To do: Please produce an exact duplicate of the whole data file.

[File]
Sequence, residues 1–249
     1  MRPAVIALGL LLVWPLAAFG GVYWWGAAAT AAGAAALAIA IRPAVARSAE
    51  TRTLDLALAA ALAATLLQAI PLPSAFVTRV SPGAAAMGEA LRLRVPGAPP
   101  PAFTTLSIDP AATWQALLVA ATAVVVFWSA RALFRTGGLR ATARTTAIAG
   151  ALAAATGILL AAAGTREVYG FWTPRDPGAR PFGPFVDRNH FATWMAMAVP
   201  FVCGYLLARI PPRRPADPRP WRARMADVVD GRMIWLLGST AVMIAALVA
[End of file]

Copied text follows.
Sequence, residues 1–249
     1  MRPAVIALGL LLVWPLAAFG GVYWWGAAAT AAGAAALAIA IRPAVARSAE
    51  TRTLDLALAA ALAATLLQAI PLPSAFVTRV SPGAAAMGEA LRLRVPGAPP
   101  PAFTTLSIDP AATWQALLVA ATAVVVFWSA RALFRTGGLR ATARTTAIAG
   151  ALAAATGILL AAAGTREVYG FWTPRDPGAR PFGPFVDRNH FATWMAMAVP
   201  FVCGYLLARI PPRRPADPRP WRARMADVVD GRMIWLLGST AVMIAALVA